So does he receive any answer? Well he does, and the answer comes as he looks back to what God has done in the past, so let's turn to our second point as we see the psalmist remembering God's power in verses 12-17. Verse 12: 'But you, O God, are my king from of old; you bring salvation upon the earth.' The psalmist was able to look back at what God had done in history and that would give him confidence that God was truly in control and God did know what he was doing. God is the King and that's what gives him confidence. Do you notice how in the first section of the psalm the psalmist is focusing on the enemies all the time? He's always talking about them. They did this, they did that, they did such and such. But now he's focusing on God. You O God are my King. It was you who split open the sea, it was you, it was you, it was youThirteen times in six verses, the psalmist says you or yours. His focus has entirely changed. And that's what gives him renewed confidence. He never finds out fully the answers to his questions of why God acted in such a way. But he is certain that God can be trusted.

And that same perspective, that focus on God as King, is absolutely vital to our stability in the Christian life. In a week when we have remembered September 11th, what hope can we have in such an unstable and unpredictable world? Only that God is on his throne and he will do what is right. In a world where Christians are persecuted, where churches are beset with problems, where leaders flout the Bible's teaching and teach false doctrine and live ungodly lives, where our own personal lives are often troubled by all sorts of difficulties, what confidence can we have? Well hear this great news about God tonight: 'You are my King from of old; you bring salvation on the earth.' So what is it in particular that gives the psalmist such confidence in the face of terrible events in Jerusalem. In reverse order, we can see God's power in:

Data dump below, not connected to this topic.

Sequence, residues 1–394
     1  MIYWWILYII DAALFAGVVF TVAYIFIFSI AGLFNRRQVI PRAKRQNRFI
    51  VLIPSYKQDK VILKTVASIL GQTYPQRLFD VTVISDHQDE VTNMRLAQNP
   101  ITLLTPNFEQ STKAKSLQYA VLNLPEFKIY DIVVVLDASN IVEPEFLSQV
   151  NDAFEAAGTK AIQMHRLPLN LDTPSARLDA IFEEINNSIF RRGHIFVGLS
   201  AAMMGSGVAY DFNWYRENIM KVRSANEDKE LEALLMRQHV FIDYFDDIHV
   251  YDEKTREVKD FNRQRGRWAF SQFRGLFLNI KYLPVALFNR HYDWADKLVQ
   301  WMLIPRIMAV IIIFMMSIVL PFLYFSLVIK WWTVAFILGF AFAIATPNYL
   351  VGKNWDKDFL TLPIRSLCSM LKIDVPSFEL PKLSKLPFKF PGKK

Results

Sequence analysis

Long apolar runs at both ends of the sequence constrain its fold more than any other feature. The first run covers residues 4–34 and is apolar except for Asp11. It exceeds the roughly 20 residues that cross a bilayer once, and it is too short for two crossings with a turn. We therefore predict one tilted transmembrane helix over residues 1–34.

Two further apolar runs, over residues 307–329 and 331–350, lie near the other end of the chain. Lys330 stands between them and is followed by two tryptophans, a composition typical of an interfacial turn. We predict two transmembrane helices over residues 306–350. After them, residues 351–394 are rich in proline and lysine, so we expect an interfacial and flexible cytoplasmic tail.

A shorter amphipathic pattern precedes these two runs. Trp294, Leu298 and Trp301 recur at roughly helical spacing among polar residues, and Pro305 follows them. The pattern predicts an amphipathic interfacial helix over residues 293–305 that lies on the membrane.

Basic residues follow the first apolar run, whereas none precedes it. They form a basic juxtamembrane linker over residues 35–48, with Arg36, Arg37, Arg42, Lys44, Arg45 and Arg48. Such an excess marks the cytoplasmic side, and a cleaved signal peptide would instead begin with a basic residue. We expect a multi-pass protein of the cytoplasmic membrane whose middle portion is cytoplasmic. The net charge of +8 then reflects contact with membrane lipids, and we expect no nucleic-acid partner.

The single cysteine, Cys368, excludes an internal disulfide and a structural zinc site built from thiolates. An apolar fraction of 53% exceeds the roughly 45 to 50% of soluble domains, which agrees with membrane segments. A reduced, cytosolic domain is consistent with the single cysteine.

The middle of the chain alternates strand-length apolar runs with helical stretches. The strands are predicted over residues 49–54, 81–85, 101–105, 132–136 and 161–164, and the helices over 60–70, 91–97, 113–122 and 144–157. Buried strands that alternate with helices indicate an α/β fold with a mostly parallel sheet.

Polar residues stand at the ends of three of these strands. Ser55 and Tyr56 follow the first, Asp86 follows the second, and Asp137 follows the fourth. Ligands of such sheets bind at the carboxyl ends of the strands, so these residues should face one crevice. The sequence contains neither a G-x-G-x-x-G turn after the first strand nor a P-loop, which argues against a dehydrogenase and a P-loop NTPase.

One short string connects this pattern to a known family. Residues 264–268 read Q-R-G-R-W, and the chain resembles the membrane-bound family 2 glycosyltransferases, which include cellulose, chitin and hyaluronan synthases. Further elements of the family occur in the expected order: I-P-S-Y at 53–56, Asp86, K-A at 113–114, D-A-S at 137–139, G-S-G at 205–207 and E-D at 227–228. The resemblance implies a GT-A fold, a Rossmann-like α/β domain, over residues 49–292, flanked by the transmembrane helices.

a) Creation- Verse 16: 'The day is yours, and yours also the night; you established the sun and moon. It was you who set all the boundaries of the earth; you made both summer and winter.' Often in the midst of hardship, it is easy forget how awesomely powerful God is. But take a moment, as the psalmist does, to think about God's power in creation. God is the one to whom the day and night belong. For us they just exist, yet God is the one who brought them into being. And God said: 'Let there be light, and there was light.' For us to create anything it takes endless hours of planning and preparation, and gathering of materials, especially if you're someone like me, and that's just boiling an egg! But when God creates he simply speaks his creation out of nothing. That is awesome power. The scientist Stephen Hawking in his book 'A Brief History of Time' which incidentally has been described as the most bought and least read book of our generation, gives some figures about how big the universe is. They make interesting reading. He says that our galaxy is an average sized spiral galaxy that is about 100,000 light-years across, that's about six hundred trillion miles, a touch further than from here to Grimsby. We know, he says, that our galaxy is only one of some hundred thousand million that can be seen using modern telescopes, each galaxy containing some one hundred thousand million stars. It is commonly held that the average distance between these galaxies, each six hundred trillion miles across, is about 3 million light years. And the Bible tells us that God made them all by the power of his word. He just spoke them into being. Incredible. And it's not simply that God created, but he sustains and orders his creation too, in verse 17: 'It was you who set all the boundaries of the earth; you made both summer and winter.' God put everything in order. He keeps the seasons ticking over. Don't you think that is awesome power?